Professor Kimberly Williams Brown’s research focuses on Afro-Caribbean women teachers who have come to the United States for various reasons: greater access to resources, professional development, and economic advancement, to name a few. These women teach in different school districts primarily in New York, North Carolina, and South Carolina. PWB has collected interview & survey data in 2016, 2021, and 2022 and works to pull out emerging themes across these different conversations and submissions. Some of these themes will be explored further in future papers and a book.
Together we are using MAXQDA to code transcripts from the teachers’ interviews and organize the data by theme. Some of these themes include: racial identity, effects on children and family, pedagogical style adjustments, and the documentation process. We are also developing a paper proposal for the American Educational Research Association (AERA) centered on the dissonance between the way administrators regard these teachers and the depth of care the teachers demonstrate for the craft of teaching and commitment to their students.
I took two classes with Professor Williams Brown during my first years at Vassar and am deeply interested in her research, critical pedagogy, and the authentic way she connects with students. While initially drawn to the Ford Scholars program because of PWB, the more I learn about her research, the more I realize how the experiences of transnational educators speak to far more than what takes place in a classroom. These Afro-Caribbean women discuss the complexities of the documentation process, the harrowing loneliness of leaving communities behind, and the pressure to make the most of an opportunity despite the challenges making life away from home difficult. I am grateful to read these narratives and gain a deeper understanding of race, gender, the U.S. educational system, and Afro-Caribbean teachers.
An unaccompanied migrant is a child who arrives at one of the United States’ borders without an adult with them. Typically, they arrive at the southern border. Their status stays with them even after they are united with a sponsor.
We rightfully hear a lot about the difficult realties they encounter attempting to journey to the United States as well as once they arrive. But while these situations are more than worthy of our attention and advocacy, it is only the beginning of an extremely challenging chapter for these children.
After reunification with their sponsor, their new life in the United States begins, at least for the time being. Immediately, appearing in court becomes their number one priority. Whether the child has been reunified with a distant relative, a family member that acts in a parental role, or a biological parent, their goal is to assure their life in the United States. Needless to say, this is a difficult process.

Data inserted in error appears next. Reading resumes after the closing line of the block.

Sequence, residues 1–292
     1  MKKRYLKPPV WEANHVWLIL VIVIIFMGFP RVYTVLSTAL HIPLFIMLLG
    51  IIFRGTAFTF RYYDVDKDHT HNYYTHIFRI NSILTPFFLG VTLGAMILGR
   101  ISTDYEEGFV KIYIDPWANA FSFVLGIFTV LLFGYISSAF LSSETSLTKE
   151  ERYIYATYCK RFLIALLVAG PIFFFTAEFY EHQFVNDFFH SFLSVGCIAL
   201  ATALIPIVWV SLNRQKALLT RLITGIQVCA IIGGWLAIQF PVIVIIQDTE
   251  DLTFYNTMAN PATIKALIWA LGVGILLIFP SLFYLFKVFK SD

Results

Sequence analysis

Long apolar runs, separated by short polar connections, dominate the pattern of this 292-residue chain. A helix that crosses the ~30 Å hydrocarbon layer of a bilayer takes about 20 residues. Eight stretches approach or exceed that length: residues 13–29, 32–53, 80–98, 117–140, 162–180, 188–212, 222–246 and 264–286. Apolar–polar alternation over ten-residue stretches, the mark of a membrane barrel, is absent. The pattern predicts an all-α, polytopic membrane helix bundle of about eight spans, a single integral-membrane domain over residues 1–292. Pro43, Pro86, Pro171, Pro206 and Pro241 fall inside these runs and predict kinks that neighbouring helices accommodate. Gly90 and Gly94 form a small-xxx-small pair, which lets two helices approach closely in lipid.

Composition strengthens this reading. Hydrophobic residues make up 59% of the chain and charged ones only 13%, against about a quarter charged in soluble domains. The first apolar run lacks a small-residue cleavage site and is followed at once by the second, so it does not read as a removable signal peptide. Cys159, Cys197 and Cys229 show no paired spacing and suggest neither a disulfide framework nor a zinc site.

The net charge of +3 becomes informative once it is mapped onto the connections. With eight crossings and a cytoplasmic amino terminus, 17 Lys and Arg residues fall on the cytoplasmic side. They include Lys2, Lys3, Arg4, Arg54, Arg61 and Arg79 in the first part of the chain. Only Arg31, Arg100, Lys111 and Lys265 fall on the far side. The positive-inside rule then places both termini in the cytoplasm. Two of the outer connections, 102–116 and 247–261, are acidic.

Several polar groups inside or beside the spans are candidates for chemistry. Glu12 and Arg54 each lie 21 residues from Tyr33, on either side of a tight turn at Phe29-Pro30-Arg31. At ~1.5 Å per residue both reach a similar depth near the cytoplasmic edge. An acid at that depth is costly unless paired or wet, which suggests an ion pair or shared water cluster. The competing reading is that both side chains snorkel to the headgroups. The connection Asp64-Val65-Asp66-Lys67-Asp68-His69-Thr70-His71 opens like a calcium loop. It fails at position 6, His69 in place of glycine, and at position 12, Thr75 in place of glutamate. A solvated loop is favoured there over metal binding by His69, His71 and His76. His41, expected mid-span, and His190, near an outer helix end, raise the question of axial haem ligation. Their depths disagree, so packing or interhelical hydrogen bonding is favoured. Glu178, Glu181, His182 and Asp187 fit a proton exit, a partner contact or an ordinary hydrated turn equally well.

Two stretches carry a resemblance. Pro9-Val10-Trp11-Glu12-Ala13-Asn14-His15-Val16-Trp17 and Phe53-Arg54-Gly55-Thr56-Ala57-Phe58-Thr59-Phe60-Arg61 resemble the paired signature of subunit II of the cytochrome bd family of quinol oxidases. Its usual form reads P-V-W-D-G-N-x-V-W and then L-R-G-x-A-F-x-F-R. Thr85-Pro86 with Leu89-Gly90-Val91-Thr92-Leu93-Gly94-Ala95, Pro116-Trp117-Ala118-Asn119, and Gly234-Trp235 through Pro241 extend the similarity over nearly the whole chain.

To learn more about it, Prof. Holland and I watched New York City immigration court on numerous occasions, in-person and on Webex. We learned that because of long waitlists at pro-bono organizations and steep prices from immigration lawyers, defendants would frequently appear without representation and had to request continuances from the judges. We also learned that these continuances are limited, and that at some point, these cases must continue, with our without representation. Such a distinction, the numbers show, can all but decide an unaccompanied minor’s case.
This caused us to focus even more on our original question: what role do schools play in all this? By interviewing a former judge, attorneys, employees of pro-bono organizations, and an english language teacher, we learned that this was a worthwhile question, one that we should continue to ask.
Unaccompanied children are an extremely vulnerable demographic, making the support system that school can provide important. At school, they can learn English and about the legal process they are a part of, and they can find support in their teachers and school guidance counselor. Through school, they can interact with their judge in a non-confrontational manner by presenting a certificate of accomplishment at school—they can become more confident. Through school, kids can receive assistance from social workers in finding legal representation. And in some judges’ courts, proof of enrollment in school excuses them from needing to appear in court at all, as long as they have a sponsor or attorney to represent them.
Using the American Community (ACS) to study declining Mexican migration over the past eight weeks has allowed me to gain a better understanding of the industries and locations across the United States that were most impacted by the change in migration patterns from Mexico following the 2008 financial crisis.
Beginning with a literature review, I learned about the known patterns of Mexican-born workers, and what factors affect their decisions to move to and within the United States. Economic literature analyzing migration patterns from Mexico has drawn attention to the tendency for immigrants to move to areas in which migrant communities already exist. Knowing a network of workers allows immigrants to learn about job opportunities and lowers the costs of migration through information sharing.
Creating maps using data I observe changes in the population density of new Mexican immigrants across the Sun-Belt and Midwest regions.
I then used data from the Mexican Migration project to track the prevalence of migrants within the average migrant community in each state. The prevalence ratio provided an indication of migrant community depth that I could use to run a regression exploring the driving factors behind the variation in migration patterns across states in response to the great recession.